Transcribed from A Standard History of Kansas and Kansans, written and compiled by William E. Connelley, Chicago : Lewis, 1918. 5 v. (lvi, 2731 p., [228] leaves of plates) : ill., maps (some fold.), ports. ; 27 cm.

George Monroe Carpenter

GEORGE MONROE CARPENTER. In those activities which lead to success George M. Carpenter has pursued an undeviating career since early manhood. He is one of the leading bankers, capitalists and business men of Southern Kansas and Northern Oklahoma, and is the founder of the City of Elgin, Kansas, where he resides. He began life in comparatively humble circumstances. He knows what it is to be poor and work hard, and his sympathy has always gone out to the man who is struggling to get ahead.

He was born in St. Lawrence County, New York, November 16, 1842. The public schools of his native county gave him his early education, he graduated from the Lawrenceville High School at the age of nineteen, and then spent three years in the Academy at Gouverneur, New York. Leaving school in 1864 he was for several years employed in a flour mill at Lawrenceville. Going west to Clinton County, Iowa, he worked as a farm laborer three years.

Mr. Carpenter first came to what is now Elgin, Kansas, in 1872. He became identified with the cattle industry when practically all the southwestern country was a vast cattle range. After coming to Elgin he went back to Iowa, and soon began driving cattle back and forth over the trails from Texas to the north. His second arrival in Elgin was with a bunch of cattle from Texas. For forty years or more Mr. Carpenter has been identified with the cattle business, at one time was among the largest cattle men in the state, and is still interested in that line, though not so extensively as formerly. He is also a farmer, though not personally active in that vocation. In Chautauqua County he owns 1,200 acres, and at one time owned nearly all the Townsite of Elgin, and still has his residence on the northwest quarter of the old townsite. He was the man who more than anyone else founded and established the early prosperity of Elgin, and in many ways has influenced its development. Among other property interests here he has two business buildings on Main Street, one of them the postoffice building, and is also a real estate holder in the City of Independence, being interested in the Carl-Leon Hotel and Opera House. He has two business houses and dwellings in Sedan, Kansas, and a business house in Chautauqua.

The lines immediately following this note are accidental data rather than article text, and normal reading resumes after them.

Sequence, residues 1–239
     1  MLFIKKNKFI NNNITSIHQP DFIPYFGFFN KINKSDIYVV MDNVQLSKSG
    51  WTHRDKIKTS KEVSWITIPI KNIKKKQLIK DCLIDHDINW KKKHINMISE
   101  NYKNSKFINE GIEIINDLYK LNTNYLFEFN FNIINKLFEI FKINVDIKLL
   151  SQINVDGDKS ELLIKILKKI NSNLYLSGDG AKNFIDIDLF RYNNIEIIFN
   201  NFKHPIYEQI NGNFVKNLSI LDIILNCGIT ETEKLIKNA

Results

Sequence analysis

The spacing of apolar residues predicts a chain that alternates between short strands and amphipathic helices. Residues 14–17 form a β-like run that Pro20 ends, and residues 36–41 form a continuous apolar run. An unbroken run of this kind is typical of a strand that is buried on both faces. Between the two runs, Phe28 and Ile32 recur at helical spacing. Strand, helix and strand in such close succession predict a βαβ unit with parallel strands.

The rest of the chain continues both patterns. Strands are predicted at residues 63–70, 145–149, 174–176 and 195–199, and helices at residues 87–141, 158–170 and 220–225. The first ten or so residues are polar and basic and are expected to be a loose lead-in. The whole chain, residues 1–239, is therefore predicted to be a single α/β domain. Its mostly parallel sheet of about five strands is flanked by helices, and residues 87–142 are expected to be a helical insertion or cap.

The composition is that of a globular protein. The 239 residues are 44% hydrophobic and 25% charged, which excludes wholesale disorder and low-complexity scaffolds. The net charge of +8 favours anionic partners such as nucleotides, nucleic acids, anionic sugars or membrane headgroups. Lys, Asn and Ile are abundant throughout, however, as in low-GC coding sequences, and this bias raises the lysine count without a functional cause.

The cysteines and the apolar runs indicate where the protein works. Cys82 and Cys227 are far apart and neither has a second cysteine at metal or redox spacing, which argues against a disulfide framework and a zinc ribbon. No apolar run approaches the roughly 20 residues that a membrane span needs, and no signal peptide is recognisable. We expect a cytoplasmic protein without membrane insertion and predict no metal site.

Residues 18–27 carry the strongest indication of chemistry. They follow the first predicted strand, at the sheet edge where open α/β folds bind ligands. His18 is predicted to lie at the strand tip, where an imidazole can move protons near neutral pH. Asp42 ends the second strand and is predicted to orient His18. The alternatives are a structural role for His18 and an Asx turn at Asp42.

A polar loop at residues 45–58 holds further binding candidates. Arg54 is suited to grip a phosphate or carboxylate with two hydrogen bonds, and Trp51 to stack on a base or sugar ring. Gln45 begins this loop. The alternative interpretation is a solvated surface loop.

His individual capital is part of the resources of a number of banks. He is vice president of the Citizens National Bank of Independence, owns an interest in the Elgin State Bank, is president of the Fairfax National Bank in Fairfax, Oklahoma, and is a stockholder in the First National Bank of Pawhuska, the First National Bank of Skiatook, the First National Bank of Foraker, the First National Bank of Bigheart and the First National Bank of Prue, all these institutions being in Oklahoma. In matters of politics Mr. Carpenter is a democrat. He is both a Mason and Odd Fellow. His church is the Methodist Episcopal.

This branch of the Carpenter family came originally from England and settled in New York in Colonial days. His father, John F. Carpenter, was born at Whitehall, New York, in 1808, spent the first twenty-five years of his life there, and then removed to St. Lawrence County, New York, where he married. He was a physician and surgeon, a graduate of a medical school in Vermont, and was successfully engaged in practice at Lawrenceville until his death in 1868. He became a member of the republican party upon its organization, was active in the Methodist Episcopal Church and served as a deacon. Dr. Carpenter married Miss Mary Blish, who was born in New York State in 1808 and died at Lawrenceville, New York, in 1858. The children of this marriage were: Lucy, who died in New York State, the wife of George Delno, who was a speculator and horse dealer, and is also deceased; John, who was a merchant and died in Missouri; George M.; Carrie, who is the wife of Dr. Wood, and they reside at Lockport, New York; Charles, a merchant at Big Rapids, Michigan. Dr. Carpenter married for his second wife Lucy Blish, a sister of his first wife. Their four children were: Jennie, who died in New York State, the wife of George Ewings, who was a farmer and is also deceased; Frank, of New York City; Nathan, of Seattle, Washington, and Charles.

George M. Carpenter was married in St. Lawrence County, New York, in November, 1869, to Miss Hattie Lee, daughter of Mr. and Mrs. Henry Lee. Her father was a farmer near Malone, New York. Mr. and Mrs. Carpenter had one child, Leon, who died aged twenty-two years.

A Standard History of Kansas and Kansans, written and compiled by William E. Connelley, Secretary of the Kansas State Historical Society, Topeka. Chicago: Lewis Publishing Company, copyright 1918; transcribed October, 1997.